Yes, I am right. No, I am not wrong. (Noting that my lawyer languaged it that way, per custom in 1st Cir, not me.) Namely the charges (of, say, Counts V–VIII quoted above) are brought "under ADA/151B, which just happens to cover a bunch of stuff, as mentioned." But those charges do not claim "'all that stuff covered by ADA/151B' are causes-of-action." Instead, only the things explicitly captioned in the Count titles (Failure-to-Reassign/Accommodate, Tangible-Job-Action, Harassment, Failure-to-Investigate/Remediate) are claimed as causes-of-action, as subsumed under the specified laws.

    What's not to understand here? I repeat, you people harping on this appear to be double-talking/trolling, carping on shade-of-gray trivialities that the District Court had no trouble at all understanding.

    "Are you capable of pointing to one single fact you cited in your PSOF that is relevant to a claim you made that was wrongly ignored by the judge in favor of the DSOF?" There are 24 of them in the 70-page table.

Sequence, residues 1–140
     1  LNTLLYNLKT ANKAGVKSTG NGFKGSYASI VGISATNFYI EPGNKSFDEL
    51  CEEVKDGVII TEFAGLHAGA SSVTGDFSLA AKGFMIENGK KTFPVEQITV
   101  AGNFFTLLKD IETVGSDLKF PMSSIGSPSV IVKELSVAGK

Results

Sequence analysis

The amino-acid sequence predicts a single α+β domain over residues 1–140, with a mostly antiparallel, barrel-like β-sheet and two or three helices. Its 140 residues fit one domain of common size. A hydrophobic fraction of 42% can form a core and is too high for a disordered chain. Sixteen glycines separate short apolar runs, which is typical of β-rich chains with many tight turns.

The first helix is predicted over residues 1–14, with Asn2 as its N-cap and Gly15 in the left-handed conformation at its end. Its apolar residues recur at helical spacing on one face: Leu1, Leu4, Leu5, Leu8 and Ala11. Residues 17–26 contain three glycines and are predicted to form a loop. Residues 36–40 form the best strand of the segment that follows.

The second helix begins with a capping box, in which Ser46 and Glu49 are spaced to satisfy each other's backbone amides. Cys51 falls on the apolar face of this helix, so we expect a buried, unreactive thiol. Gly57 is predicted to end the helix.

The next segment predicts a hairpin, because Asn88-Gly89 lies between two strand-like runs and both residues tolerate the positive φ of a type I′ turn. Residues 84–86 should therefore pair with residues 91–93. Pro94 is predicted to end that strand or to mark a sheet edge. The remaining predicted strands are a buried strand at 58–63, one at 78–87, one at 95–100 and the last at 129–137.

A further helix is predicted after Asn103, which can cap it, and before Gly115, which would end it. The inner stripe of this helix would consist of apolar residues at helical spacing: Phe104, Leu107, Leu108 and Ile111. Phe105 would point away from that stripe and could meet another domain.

• loki13||

    "What's not to understand here? I repeat, you people harping on this appear to be double-talking/trolling, carping on shade-of-gray trivialities that the District Court had no trouble at all understanding."

    The District Court did address the fact that you raised these claims, as we have all seen! It's also in the First Circuit opinion, remember?

    "As for his race, age, and gender-based discrimination claims, the court decided that Tuvell alleged no facts to support these claims and only appeared to vaguely argue that his being required to switch projects with a younger Asian female must have constituted discrimination."

    The appellate court states you do not contest the dismissal of those claims on appeal .... that YOU RAISED. See n.2.